Could North Korea actually defeat the U.S.?

Kim Jong Un with a reported hydrogen bomb. (Reuters pix via WSJ)

Decades ago while I was writing about the threat of a nuclear attack on the nearby Strategic Command Air Force base, my managing editor informed me who would be the unlucky ones in that eventually: Those who would look up and ask: What was that?

The threat then was the Soviet Union. Now North Korea has openly stated the possibility of attacking the U.S. with a single nuclear weapon at high altitude that could destroy much of this country’s electronic infrastructure.

The Wall Street Journal reports that North Korea’s state news agency on Sunday morning, after detonating another nuclear weapon test, specifically stated that it has “a multifunctional thermonuclear nuke with great destructive power which can be detonated even at high altitudes for super-powerful EMP attack.” EMP is an electromagnetic pulse that could cripple the power grid and destroy electronics that allow water to be pumped, food to be refrigerated, banking accounts to be accessed, fuel pumping, communications, electronics in many vehicles and so much more.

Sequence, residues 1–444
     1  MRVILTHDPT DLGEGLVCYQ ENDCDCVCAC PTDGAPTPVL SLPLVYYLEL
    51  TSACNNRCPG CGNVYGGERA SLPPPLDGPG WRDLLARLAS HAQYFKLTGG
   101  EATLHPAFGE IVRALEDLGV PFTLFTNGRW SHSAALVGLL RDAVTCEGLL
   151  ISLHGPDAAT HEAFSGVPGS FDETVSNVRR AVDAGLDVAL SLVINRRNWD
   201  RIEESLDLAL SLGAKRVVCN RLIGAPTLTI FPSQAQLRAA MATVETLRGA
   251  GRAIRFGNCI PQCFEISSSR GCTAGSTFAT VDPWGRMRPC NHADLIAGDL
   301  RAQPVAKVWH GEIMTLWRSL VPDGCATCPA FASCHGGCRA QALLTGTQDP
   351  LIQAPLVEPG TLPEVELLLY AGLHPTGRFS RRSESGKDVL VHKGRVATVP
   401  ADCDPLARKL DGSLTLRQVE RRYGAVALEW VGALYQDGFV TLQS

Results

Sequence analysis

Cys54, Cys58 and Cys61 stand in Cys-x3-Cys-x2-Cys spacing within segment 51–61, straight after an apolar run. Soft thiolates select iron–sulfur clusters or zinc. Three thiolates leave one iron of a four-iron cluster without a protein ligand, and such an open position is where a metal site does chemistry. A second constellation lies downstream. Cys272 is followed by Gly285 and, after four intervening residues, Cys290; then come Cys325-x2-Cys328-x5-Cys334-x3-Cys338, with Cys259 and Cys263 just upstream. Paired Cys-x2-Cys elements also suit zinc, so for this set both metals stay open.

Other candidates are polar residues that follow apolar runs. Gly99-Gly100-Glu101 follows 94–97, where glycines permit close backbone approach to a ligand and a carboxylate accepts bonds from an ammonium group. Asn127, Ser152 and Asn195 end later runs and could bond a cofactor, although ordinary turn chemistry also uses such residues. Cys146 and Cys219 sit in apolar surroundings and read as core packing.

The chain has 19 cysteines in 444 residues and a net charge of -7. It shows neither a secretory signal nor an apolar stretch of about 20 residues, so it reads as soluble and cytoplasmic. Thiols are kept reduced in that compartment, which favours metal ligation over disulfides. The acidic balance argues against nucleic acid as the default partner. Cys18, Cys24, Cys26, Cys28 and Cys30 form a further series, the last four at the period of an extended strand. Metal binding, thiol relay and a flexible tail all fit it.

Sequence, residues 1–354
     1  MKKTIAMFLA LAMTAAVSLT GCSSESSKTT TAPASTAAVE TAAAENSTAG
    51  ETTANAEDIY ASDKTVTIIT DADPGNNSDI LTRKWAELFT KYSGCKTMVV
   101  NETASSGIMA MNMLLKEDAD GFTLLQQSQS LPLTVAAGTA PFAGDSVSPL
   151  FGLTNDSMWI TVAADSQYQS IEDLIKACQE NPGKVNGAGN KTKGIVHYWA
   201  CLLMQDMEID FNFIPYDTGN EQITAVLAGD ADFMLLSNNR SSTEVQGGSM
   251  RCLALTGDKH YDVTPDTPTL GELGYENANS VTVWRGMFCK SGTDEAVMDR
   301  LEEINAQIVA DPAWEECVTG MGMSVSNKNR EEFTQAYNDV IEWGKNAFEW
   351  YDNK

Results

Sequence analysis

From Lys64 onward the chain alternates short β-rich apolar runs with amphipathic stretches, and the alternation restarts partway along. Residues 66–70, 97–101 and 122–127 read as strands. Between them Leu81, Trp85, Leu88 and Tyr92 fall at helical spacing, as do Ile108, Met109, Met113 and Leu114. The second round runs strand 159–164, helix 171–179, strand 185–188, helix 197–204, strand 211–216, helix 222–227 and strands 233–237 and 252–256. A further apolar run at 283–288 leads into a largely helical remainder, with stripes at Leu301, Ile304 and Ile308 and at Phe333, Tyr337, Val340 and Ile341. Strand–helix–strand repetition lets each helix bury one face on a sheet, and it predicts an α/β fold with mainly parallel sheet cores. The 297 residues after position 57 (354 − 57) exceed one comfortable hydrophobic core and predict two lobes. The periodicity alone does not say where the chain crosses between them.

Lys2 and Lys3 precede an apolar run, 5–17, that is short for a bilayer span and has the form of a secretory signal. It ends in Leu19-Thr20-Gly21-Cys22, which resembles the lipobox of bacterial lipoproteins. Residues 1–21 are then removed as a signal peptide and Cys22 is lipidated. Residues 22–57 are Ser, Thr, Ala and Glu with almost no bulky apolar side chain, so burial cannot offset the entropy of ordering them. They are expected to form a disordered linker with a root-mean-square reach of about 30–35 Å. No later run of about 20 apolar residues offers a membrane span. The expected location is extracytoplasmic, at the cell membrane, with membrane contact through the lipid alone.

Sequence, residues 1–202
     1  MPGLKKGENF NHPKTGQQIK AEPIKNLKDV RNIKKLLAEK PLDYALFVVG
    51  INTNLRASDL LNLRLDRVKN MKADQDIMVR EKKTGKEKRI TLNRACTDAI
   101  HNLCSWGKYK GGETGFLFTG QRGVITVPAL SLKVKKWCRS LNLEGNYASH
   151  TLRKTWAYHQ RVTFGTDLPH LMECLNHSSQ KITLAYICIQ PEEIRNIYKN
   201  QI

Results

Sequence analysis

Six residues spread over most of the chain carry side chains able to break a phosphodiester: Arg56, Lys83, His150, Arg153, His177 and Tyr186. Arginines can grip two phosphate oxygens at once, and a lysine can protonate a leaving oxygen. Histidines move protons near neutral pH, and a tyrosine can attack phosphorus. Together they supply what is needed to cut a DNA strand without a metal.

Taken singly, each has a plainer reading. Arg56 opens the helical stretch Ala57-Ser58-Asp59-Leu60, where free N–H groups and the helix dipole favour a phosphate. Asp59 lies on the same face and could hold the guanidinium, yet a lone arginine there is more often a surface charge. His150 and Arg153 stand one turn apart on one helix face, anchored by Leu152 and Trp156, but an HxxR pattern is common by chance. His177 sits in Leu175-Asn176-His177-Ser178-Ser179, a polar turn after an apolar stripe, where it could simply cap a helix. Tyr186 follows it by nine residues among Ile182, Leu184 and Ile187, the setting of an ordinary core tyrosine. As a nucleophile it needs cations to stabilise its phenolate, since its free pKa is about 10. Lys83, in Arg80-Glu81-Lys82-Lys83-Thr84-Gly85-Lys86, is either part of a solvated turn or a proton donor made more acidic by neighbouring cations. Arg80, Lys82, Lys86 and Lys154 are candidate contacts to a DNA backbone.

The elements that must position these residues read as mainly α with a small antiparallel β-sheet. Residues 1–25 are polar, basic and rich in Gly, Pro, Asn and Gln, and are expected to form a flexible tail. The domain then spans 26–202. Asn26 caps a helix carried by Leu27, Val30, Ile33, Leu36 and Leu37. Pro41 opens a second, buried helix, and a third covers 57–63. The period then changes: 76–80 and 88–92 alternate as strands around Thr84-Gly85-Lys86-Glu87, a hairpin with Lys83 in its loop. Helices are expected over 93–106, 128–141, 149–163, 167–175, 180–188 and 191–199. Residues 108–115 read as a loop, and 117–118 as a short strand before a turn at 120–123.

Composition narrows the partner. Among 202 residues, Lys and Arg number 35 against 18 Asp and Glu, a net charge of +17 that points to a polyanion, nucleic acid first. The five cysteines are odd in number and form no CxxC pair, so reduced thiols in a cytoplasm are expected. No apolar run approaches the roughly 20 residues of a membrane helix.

How big a threat is EMP? One report from a couple of years ago estimated as much as 90 percent of the population of the U.S. might die from starvation, disease and social tumult after such an attack.

In a 2015 newspaper column I wrote about what was being done to protect the country from such an attack. The answer: Virtually nothing. Because our “leaders” deemed global warming the biggest threat to mankind.

A year a ago I again wrote about the impact of an EMP attack.

In December I wrote about how Nevada could play a role in defense efforts. And there are a half dozen other blogs posted here about EMP.

The cost to harden the power grid against EMP has been placed at somewhere between a half a billion dollars and a couple of billion. Washington spends three times that in one minute.